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Species

Dogs, cats and horses
Not limited

Seizures

Clinical manifestation of abnormal electrical activity in the brain

Epilepsy

Multiple seizures occurring over a prolonged period of time (two or more over a month or more)
Unpredictable and often violent seizures

Not all seizures involve

Convulsions

Convulsion

Abnormal violent and involuntary contraction or series of contractions of the muscles

Seizures associated with

Episodic high frequency discharge of impulses by a group of neurons
May spread to other parts of brain

Seizure clinical signs determined by

Brain location

EEG

Electroencephalography

Provoked or reactive seizures

Reaction of normal brain to intoxication, metabolic insult or short term illness

Cluster seizures

Two or more discrete seizures within 24 hours

Epilepsy types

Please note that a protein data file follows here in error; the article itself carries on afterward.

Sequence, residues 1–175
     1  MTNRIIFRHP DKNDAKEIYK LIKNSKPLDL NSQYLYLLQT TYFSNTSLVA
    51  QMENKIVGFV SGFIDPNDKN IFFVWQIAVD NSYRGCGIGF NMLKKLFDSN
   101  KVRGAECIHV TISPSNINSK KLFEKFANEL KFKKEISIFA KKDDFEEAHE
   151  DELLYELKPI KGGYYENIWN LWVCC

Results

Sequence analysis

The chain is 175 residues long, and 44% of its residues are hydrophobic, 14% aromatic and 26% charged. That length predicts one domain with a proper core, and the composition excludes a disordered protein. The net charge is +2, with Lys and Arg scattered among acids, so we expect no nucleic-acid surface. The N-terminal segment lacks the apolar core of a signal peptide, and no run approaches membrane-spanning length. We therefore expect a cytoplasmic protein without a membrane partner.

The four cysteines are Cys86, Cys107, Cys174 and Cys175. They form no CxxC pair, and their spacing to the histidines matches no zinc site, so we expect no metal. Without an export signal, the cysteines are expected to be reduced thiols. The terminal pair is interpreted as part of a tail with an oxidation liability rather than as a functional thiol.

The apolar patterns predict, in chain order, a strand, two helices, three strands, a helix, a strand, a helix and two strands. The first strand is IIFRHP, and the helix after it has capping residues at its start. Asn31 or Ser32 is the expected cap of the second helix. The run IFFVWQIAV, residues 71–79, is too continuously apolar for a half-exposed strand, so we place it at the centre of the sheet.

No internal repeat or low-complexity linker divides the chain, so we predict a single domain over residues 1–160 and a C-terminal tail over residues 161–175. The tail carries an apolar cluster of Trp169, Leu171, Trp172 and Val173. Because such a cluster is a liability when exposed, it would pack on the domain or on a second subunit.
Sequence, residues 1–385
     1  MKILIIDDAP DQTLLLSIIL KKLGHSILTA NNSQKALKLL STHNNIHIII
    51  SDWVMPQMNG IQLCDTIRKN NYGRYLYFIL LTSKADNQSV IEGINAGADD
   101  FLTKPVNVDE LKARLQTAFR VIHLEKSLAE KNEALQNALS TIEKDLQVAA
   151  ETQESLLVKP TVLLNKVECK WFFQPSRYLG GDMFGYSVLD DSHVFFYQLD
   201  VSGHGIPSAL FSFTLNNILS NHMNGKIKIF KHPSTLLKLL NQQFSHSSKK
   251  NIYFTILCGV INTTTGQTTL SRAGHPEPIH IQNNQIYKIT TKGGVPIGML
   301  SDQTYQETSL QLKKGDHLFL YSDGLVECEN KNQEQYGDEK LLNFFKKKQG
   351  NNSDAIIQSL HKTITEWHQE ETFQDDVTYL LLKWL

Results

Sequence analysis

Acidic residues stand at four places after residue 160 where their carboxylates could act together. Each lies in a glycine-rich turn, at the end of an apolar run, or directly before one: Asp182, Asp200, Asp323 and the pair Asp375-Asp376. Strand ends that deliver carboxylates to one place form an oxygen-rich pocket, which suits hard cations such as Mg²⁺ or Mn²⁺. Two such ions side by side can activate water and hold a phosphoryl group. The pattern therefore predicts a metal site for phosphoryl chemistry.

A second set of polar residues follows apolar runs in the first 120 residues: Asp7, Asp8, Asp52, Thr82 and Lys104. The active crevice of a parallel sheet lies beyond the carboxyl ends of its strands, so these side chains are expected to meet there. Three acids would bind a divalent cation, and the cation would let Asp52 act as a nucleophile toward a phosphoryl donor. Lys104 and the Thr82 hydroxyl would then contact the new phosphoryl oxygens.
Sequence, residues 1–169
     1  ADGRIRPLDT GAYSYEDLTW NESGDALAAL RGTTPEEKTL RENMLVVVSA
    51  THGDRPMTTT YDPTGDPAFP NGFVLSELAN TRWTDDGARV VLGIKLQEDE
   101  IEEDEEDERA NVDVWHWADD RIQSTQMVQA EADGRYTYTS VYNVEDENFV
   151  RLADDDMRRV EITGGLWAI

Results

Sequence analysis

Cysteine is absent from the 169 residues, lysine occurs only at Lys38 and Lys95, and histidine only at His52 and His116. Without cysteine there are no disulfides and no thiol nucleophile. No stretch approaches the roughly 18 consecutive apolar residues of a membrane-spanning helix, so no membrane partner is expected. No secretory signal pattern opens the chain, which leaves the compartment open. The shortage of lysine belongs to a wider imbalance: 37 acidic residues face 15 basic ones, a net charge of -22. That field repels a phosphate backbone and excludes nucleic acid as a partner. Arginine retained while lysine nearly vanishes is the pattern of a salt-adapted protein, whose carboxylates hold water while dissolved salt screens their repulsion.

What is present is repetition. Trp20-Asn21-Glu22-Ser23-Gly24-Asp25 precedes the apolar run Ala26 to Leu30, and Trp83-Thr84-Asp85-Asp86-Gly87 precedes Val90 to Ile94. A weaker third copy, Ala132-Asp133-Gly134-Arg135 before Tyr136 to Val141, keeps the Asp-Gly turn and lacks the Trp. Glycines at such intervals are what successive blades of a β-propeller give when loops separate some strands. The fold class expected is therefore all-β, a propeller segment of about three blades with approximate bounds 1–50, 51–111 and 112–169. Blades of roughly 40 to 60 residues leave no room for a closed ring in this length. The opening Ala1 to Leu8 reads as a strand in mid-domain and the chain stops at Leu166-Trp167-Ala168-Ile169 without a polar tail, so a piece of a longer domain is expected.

Idiopathic or primary
Symptomatic

Epilepsy types characterized on

The basis of the seizure
Partial vs. generalized
simple vs. complex

Simple seizure

No loss of consciousness

Complex seizure

Loss on consciousness

Partial seizures

Localized

Generalized seizures

Involve the whole brain

Status epilepticus

Continuous seizure activity lasting more than 5 minutes or when the animal does not recovery fully between recurrent seizures

Common causes of epilepsy

Manifestation of underlying brain disorder
Idiopathic or secondary

Secondary epilepsy

Structural
Metabolic

Structural secondary epilepsy

Brain tumor
Encephalitis

Metabolic secondary epilepsy

Hepatic encephalopathy

Epileptogenesis

Facilitation of excitatory neurotransmission: Glutamate and aspartate
Reduction of inhibitory neurotransmission: GABA

Repeated seizure activity can lead to

Neuronal degeneration
Excitotoxicity

Treatment for cluster seizures and status epilepticus

Stop seizures, treat seizure associated problems
Attentive monitoring and nursing care

Seizure associated problems

Brain edema
Hyperthermia
Aspiration pneumonia
Disseminated intravascular coagulation
Permanent brain injury

Emergency treatment of seizures and epilepsy

Stimulation of GABA
GABA agonists
Inhibition of Na channels

Stimulation of GABA

Barbiturates
Benzodiazepines